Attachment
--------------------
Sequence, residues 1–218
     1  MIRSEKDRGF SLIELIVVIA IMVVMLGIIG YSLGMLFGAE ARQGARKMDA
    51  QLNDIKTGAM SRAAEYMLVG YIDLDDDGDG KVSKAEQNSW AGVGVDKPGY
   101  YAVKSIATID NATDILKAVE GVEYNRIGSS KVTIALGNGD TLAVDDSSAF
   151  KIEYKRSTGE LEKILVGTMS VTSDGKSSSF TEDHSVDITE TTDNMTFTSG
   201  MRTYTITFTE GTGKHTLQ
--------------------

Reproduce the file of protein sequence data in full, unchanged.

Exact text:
Sequence, residues 1–218
     1  MIRSEKDRGF SLIELIVVIA IMVVMLGIIG YSLGMLFGAE ARQGARKMDA
    51  QLNDIKTGAM SRAAEYMLVG YIDLDDDGDG KVSKAEQNSW AGVGVDKPGY
   101  YAVKSIATID NATDILKAVE GVEYNRIGSS KVTIALGNGD TLAVDDSSAF
   151  KIEYKRSTGE LEKILVGTMS VTSDGKSSSF TEDHSVDITE TTDNMTFTSG
   201  MRTYTITFTE GTGKHTLQ